TCS Daily

Ending Terrorism By Ending the State Sponsors of Terrorism

By Nick Schulz - October 18, 2001 12:00 AM

The potency of the anthrax strains used to target the U.S. Senate Majority Leader has pushed to the forefront an uncomfortable question the administration must soon face: state-sponsored terrorism and what to do about it.

The Washington Post reports one senator describing the anthrax as "weapon-grade" and another who says it is of a "high quality." Such sophistication strongly suggests that there may be state involvement in the development of bioterror and its distribution on American soil.

Washington is now consumed by talk about what will happen after the Afghanistan phase of the war on terrorism. Defense analysts as well as Capitol Hill and administration officials are debating the scope of the effort required to weaken, diminish and, as Deputy Defense Secretary Paul Wolfowitz put it just three days after September 11, "[end] states who sponsor terrorism."

But the political left is apoplectic over such thoughts. Frequent Israel critic and Columbia University professor Edward Said called Wolfowitz's remarks "nihilistic" and Slate magazine dismissed Wolfowitz as President Bush's "testosterone man."

Those fretting over the Deputy Secretary's hints at an expansive military conflict express concern that administration hawks fail to understand the so-called "root causes" of the hatred directed at the United States. The hatred, it is argued, is born out of everything from the legacy of colonialism to "specific American alliances and actions" such as "the ongoing American bombing of Iraq" to debilitating poverty. "Desperation breeds resentment" the revisionist historian Howard Zinn wrote recently in describing the phenomenon of Islamic rage against the West. And that resentment leads to suicide pilots and anthrax in the mail.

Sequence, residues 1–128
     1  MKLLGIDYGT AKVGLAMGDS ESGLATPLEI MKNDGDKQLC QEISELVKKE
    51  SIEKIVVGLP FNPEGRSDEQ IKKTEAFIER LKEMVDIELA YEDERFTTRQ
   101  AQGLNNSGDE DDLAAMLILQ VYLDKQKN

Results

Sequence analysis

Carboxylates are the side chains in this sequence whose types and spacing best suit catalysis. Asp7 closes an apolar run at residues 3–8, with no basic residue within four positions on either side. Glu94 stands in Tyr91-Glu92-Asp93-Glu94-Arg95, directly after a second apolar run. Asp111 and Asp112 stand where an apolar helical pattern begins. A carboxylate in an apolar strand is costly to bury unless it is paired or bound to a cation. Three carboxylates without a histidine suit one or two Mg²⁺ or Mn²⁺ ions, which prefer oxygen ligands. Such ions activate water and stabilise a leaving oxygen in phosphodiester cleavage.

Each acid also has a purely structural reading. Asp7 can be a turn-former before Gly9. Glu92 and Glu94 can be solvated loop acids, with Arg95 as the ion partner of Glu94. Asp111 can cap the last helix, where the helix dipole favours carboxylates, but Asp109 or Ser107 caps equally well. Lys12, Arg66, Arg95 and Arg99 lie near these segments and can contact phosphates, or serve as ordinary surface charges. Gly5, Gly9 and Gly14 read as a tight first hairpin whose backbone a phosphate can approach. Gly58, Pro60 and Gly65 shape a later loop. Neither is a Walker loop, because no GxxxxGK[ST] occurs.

But it is administration hawks such as Wolfowitz who take into serious consideration the "root causes" of extremism in the Muslim world and are lobbying heavily to rectify them. Ironically enough, there is much on which some of those on the political left on the one hand and foreign policy hawks on the other may agree. But where they part ways is over what, ultimately, to do about it.

The authoritative Freedom House report "Freedom in the World: The Annual Survey of Political Rights and Civil Liberties" outlines the problem the United States` and its allies face. The area of the globe most hostile to human rights and political liberties encompasses most of North Africa, the Arabian Peninsula, and much of Central Asia.

This area also has among the lowest per capita income in the world. And these are the areas that are, not coincidentally, the breeding grounds - the swamps - for terrorism with a global reach.

The University of Maryland's Shibley Telhami recently pointed out that "the absence of democracy and legitimate means for organizing political opposition" provide the "demand-side" of terrorist activity. In this he is surely correct. Repressive authoritarian regimes are responsible for the conditions that breed extremism and hatred. And in many instances, as the State Department has outlined year after year, these states go far beyond merely establishing the conditions that lead to a climate of hatred but are also actively engaged in the plotting and execution of terrorist activities.

Supporters of a sustained military response to terrorism understand that genuine security is impossible as long as these regimes continue to oppress their citizens and thrive unchecked.

The United States response to state sponsors of terrorism will vary, as it should. How the U.S. approaches Iraq, for example, should differ from how it treats Syria. But the suggestion in some quarters that the call for a military campaign fails to understand the underlying dynamics involved is nonsense. Rather, it is an acute understanding of the root causes that prompts calls for military engagement.

It remains to be seen if the administration and lawmakers on Capitol Hill possess the will to do what's necessary to address this challenge. A disturbing sign came from Senator Kent Conrad, a Democrat from North Dakota, who said after anthrax was sent to his colleague, "being from a rural area, we deal with anthrax on a fairly regular basis. I think we've got to guard against overreaction here." This comment suggests there may not yet be in official Washington an appropriate level of seriousness.

Nonetheless it is imperative that the long-term strategy for the United States include sustained pressure, including significant military force where necessary, on that part of the world where political grievances are pushed underground and can only be channeled -- with sometimes violent, sadistic, and catastrophic results -- through religious expression.

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